Once in the gospel, some Greeks approach Phillip and Andrew and asked to see Jesus. (Jn 12, 21)  And to those people in every age who ask perplexed:  “We wish to see Jesus”, the Church answers by repeating what the Lord did for the disciples of Emmaus:  He broke the bread. In the Holy Sacrifice of the Mass, at the breaking of the bread, the eyes of those who seek him with a sincere heart are opened and they can adore Jesus hidden under the mere appearances of bread and wine.. In the Eucharist, the intuition of the heart recognizes Jesus and his unmistakable love lived “to the end” (Jn 13, 1).

After Mass, we will take Jesus present in the consecrated host into the streets in procession.  On Holy Thursday, after the Mass of the Last Supper, the Eucharist is carried in procession to the altar of repose. That procession symbolized our willingness to walk with Jesus to the Garden of Gethsemane and then to the Cross.  Tonight’s procession takes us outside of the church walls and into the community.  This procession symbolizes our willingness to obey the Risen Lord’s command to go out into the world and bring the good news to all of creation.  We wish to proclaim publicly that the Sacrifice of Christ is for the whole world.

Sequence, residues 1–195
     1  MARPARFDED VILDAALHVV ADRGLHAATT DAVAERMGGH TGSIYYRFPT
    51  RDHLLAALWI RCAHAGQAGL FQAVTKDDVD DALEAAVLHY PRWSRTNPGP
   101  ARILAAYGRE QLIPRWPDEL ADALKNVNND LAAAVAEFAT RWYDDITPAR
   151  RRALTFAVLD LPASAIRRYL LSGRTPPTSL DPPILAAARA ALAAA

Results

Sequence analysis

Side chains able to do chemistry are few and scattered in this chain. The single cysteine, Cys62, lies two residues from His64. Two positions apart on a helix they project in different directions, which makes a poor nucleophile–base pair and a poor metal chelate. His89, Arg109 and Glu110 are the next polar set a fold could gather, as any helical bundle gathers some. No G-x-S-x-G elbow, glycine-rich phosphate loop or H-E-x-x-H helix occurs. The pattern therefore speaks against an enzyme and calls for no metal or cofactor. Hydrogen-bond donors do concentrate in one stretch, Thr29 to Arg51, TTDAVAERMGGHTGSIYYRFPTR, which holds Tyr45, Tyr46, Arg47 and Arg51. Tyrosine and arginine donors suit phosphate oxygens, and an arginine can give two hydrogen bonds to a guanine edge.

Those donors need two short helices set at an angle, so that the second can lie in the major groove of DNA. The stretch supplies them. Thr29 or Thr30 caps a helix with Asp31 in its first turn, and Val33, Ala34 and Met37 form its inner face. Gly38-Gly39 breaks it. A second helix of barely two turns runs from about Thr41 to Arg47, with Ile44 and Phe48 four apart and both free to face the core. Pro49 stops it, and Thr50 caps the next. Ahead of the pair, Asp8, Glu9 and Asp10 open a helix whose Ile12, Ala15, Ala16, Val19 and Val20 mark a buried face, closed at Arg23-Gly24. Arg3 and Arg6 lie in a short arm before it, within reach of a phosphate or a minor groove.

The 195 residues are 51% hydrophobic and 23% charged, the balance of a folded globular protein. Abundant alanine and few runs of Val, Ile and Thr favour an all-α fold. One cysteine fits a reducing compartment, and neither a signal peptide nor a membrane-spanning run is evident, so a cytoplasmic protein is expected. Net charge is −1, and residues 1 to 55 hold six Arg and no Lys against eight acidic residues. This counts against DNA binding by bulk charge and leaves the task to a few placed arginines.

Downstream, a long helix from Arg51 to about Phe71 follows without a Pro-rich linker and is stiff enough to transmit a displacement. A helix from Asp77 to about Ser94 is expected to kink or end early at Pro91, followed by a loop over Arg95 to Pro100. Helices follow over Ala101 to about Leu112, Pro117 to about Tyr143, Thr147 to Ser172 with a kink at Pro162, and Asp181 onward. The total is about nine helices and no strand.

Our procession symbolizes our earthly pilgrimage – this life is not our final destination but a pathway to heaven, our true fatherland.  And, in our procession, leading us is our Eucharistic Lord.  As we journey through the trials and tribulations through this valley of tears, we are not alone on our pilgrimage.  On this journey Jesus goes before us, with the gift of himself to the point of sacrifice and offers himself to us as nourishment and support. Christ, the Bread of Life, walks with us. Panis angelorum factus cibus viatorum, the bread of the angels is made the pilgrims’ food. Our diocesan community has need of the Eucharist in order to continue on the path of renewal on which it has set out.  In the past fifteen months, our Diocesan Synod has examined the perspectives of conversion, communion and solidarity in the Diocese of Orlando for the coming years. And even as our Synod approaches its conclusion, it is necessary, for us Catholics, to continue to “start afresh” from Christ, that is, from the Eucharist. Let us walk generously and courageously, seeking always to grow in the grace of our Lord Jesus Christ and the love of God and the fellowship of the Holy Spirit.   Strengthened and renewed by our partaking of Our Lord’s Body and Blood may we always be lovingly dedicated to humble and disinterested service to all, especially the neediest.  May the Corpus Christi procession around Lake Eola followed by Benediction of the Most Blessed Sacrament in the band shell symbolize for each and every one of us a new “Starting Afresh from Christ”